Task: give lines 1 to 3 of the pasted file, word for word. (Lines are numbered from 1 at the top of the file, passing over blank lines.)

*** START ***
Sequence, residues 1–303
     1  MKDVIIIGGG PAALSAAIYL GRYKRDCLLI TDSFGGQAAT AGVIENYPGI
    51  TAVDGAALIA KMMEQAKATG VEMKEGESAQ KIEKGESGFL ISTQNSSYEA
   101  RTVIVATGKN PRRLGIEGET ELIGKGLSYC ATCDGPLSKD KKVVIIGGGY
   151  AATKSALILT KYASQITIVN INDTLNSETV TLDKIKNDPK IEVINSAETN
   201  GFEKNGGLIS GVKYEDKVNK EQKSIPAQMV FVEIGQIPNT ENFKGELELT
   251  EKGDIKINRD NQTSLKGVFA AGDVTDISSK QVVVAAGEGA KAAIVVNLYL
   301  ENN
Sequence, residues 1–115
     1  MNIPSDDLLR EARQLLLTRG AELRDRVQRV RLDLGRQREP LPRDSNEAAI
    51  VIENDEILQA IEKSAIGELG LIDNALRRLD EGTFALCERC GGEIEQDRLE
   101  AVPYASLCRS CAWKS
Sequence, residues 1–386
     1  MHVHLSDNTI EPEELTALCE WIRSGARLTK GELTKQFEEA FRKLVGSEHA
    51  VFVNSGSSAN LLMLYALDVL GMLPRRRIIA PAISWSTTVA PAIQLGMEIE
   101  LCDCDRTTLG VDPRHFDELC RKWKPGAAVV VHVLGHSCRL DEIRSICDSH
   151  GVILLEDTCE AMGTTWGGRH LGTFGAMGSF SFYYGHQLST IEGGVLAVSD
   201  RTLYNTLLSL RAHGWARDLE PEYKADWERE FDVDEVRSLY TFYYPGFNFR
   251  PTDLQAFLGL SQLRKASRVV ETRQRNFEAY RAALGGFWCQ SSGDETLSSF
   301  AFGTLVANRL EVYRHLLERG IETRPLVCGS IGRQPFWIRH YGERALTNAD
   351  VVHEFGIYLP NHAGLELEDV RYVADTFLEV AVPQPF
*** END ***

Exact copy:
Sequence, residues 1–303
     1  MKDVIIIGGG PAALSAAIYL GRYKRDCLLI TDSFGGQAAT AGVIENYPGI
    51  TAVDGAALIA KMMEQAKATG VEMKEGESAQ KIEKGESGFL ISTQNSSYEA